Babies and Toddlers6 MINUTE READ

How Screen Time Impacts a Child's Speech and Language Development

Children are inundated by screens and digital devices. Televisions, phones, tablets… they’re everywhere.

For parents, these devices can provide a quick distraction for a bored or upset child. They can also be a lifesaver in avoiding a public meltdown. But all this screen time adds up, and it can affect your child's language development.

How much time are kids spending on screens?

According to the National Center for Health Research, toddlers younger than age 2 spend, on average, two hours every day sitting idly in front of a screen. That number drastically increases as children get older, with 8- to 12-years-olds spending an average of six hours using screens. Teenagers spend up to nine hours a day!

This screen time phenomenon is coinciding with more and more children at risk for speech and language delays. After all, every hour spent using a screen is less time interacting face-to-face, reading, playing, or socializing with peers.

You may have questions surrounding your child’s digital usage. How will it affect their communication development? Is all screen time bad? How much is too much? Let’s dive in.

The difference between active and passive screen time

Not all screen time has a negative effect on the budding brains of children. It’s important to make a distinction between active and passive screen time.  

Passive screen time is defined as “passively” consuming content with little interaction or engagement. Putting your child in front of a TV is a common example. There’s often no creativity or cognitive thought involved, and children aren’t encouraged to physically or mentally engage with what’s being shown. In other words, this type of screen time is largely sedentary.

Certain educational apps that involve two-way communication or language practice are wonderful examples of active screen time.

Active screen time, on the other hand, is the healthy part of a balanced screen time diet. It encourages your child to interact and stay engaged, and it stimulates their mind and creativity. Certain educational apps that involve two-way communication or language practice are wonderful examples of active screen time. So is video chatting with family members.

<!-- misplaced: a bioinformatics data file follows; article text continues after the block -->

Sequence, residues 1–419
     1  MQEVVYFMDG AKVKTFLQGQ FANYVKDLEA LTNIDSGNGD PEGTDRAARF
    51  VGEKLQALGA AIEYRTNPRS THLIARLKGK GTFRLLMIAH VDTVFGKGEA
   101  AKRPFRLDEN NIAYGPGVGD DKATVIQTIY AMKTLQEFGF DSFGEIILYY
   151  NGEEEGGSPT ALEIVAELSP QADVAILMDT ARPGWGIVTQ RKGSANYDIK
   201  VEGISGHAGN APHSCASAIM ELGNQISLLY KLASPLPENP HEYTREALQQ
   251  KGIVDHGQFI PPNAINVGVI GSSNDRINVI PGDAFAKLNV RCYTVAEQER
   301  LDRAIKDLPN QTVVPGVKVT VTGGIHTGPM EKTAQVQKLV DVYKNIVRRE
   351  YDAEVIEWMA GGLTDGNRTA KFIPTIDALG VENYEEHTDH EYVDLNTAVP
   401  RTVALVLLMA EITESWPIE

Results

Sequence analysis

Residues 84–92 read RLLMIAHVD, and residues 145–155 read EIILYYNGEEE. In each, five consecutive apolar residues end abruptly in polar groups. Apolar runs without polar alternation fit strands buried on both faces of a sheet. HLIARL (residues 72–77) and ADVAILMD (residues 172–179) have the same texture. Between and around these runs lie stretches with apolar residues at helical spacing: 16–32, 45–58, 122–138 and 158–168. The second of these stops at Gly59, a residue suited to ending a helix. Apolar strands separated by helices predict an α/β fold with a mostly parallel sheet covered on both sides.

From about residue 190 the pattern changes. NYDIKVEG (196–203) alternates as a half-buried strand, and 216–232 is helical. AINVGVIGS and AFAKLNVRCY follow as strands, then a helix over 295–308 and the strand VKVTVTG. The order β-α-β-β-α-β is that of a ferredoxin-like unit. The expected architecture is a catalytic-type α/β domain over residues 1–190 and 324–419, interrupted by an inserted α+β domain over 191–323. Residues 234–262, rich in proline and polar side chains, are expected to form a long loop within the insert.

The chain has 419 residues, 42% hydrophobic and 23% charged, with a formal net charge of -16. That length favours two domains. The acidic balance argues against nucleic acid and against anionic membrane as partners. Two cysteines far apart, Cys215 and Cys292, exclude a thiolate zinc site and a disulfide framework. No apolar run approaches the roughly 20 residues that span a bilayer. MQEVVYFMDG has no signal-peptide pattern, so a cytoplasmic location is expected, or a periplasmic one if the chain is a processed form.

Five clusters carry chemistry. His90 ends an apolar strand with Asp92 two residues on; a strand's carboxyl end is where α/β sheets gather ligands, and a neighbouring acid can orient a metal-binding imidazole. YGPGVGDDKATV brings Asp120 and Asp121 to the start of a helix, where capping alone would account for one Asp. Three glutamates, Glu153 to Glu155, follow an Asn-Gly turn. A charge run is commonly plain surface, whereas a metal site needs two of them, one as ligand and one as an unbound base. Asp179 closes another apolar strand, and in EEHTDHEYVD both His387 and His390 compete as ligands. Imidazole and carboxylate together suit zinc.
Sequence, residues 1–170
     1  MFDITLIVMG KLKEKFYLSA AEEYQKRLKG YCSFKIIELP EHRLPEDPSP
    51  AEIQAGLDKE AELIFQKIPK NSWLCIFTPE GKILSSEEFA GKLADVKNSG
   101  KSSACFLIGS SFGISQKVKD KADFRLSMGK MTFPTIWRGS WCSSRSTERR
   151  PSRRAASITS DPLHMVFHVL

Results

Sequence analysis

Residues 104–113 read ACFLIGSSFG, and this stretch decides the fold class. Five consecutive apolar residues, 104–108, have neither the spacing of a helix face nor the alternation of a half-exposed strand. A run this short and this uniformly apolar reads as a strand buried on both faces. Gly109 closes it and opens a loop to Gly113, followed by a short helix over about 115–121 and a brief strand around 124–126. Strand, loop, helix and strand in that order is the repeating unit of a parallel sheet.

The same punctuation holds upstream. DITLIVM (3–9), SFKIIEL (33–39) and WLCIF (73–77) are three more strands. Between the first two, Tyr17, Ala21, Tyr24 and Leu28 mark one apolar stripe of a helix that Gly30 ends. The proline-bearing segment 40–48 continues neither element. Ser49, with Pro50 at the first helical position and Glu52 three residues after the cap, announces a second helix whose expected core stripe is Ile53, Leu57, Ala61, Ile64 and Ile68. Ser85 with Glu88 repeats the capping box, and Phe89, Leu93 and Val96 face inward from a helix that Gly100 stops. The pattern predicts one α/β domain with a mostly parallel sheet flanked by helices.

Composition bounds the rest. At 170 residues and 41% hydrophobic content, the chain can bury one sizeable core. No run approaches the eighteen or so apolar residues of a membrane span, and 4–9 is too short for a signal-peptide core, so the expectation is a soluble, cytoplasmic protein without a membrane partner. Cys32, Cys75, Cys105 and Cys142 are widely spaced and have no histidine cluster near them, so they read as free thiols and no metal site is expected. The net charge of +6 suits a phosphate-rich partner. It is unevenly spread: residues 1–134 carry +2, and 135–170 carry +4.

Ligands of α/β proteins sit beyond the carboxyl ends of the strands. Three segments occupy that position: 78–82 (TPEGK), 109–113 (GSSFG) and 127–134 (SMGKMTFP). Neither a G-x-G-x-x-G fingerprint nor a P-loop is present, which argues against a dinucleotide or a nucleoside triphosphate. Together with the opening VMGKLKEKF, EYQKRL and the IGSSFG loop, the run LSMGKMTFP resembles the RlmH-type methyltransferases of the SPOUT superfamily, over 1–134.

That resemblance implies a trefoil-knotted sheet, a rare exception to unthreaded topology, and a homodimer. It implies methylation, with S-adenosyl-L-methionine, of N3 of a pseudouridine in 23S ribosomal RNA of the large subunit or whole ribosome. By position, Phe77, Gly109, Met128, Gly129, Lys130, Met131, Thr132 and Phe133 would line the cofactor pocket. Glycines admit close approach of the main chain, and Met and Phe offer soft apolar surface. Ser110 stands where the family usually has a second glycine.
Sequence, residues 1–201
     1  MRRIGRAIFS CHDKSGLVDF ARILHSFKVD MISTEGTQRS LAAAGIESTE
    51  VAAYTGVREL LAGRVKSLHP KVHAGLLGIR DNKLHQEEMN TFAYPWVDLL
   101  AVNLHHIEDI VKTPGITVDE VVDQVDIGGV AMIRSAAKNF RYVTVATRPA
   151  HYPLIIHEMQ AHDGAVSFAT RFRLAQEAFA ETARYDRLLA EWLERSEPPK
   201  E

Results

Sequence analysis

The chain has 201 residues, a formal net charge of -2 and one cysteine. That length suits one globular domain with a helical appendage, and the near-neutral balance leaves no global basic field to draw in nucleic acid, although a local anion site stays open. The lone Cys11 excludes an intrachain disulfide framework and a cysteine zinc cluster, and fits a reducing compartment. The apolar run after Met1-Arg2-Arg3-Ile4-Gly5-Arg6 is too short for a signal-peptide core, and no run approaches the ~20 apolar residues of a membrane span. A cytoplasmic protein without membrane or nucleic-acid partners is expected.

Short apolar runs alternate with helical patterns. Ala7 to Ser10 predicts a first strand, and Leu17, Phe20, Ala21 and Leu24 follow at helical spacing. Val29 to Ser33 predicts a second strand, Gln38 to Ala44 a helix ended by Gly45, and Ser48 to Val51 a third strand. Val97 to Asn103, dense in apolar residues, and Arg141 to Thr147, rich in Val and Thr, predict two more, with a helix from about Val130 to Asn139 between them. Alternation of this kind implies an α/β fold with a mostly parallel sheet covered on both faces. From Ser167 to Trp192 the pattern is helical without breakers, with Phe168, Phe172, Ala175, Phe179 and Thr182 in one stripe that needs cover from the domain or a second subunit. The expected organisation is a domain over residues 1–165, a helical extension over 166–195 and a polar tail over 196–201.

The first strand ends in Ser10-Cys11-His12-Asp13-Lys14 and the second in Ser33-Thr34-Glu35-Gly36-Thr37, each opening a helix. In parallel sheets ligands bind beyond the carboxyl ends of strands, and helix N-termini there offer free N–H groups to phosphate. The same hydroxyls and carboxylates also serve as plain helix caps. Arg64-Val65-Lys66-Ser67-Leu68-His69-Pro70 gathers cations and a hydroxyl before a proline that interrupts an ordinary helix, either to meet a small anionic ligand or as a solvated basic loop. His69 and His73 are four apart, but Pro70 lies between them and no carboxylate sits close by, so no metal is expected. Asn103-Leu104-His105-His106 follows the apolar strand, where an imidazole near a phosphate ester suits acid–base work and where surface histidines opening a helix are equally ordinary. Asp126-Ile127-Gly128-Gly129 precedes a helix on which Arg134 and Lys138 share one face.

Speech therapy delivered online is another great example. With online speech therapy, children are actively engaged and participatory, sitting face-to-face with their speech therapist to practice speech and language skills.

How passive screen time affects a child's language development

While technology is innovating at a breakneck pace, the way that children learn to communicate remains the same. Foundational language development and speech skills come to children through listening, imitating, and interacting with people around them.

The first several years of a child’s life are critical. It’s when their brains are rapidly developing, and when your child is most receptive to learning language. The communication skills they develop now will stick with them for a lifetime.

Foundational language development comes to children through listening, imitating, and interacting with people around them.

Unfortunately, the more time your child spends sitting passively in front of a screen, the less time they spend interacting with the world around them. Think about taking a walk around the neighborhood. If your child is in their stroller watching their favorite show on a tablet, they're missing an opportunity to interact with you, ask questions, point to objects, learn new vocabulary words, and more.

The negative effects of passive screen time on language development have been well documented by researchers.

One study surveyed the effects of media exposure on over 1,000 toddlers younger than 2 years old. They found a strong link between media consumption and language development; the more videos that toddlers watched, the fewer words they knew or said. In fact, for each additional hour of videos that young children watched, they said on average six to eight fewer words--which adds up over time!

In one study, the more videos that toddlers watched, the fewer words they knew or said.

This study showed particularly devastating effects of passive screen time. Researchers found that before a child's first birthday, those who watched more than two hours of television a day were six times more likely to develop a language delay!

And finally, this study demonstrated that the more time children spent using handheld screens, such as tablets, phones, and electronic games, the more likely they were to develop a speech delay. More specifically, each additional 30 minutes they spent consumed by these devices translated into a 49% increase in the likelihood of delayed speech development.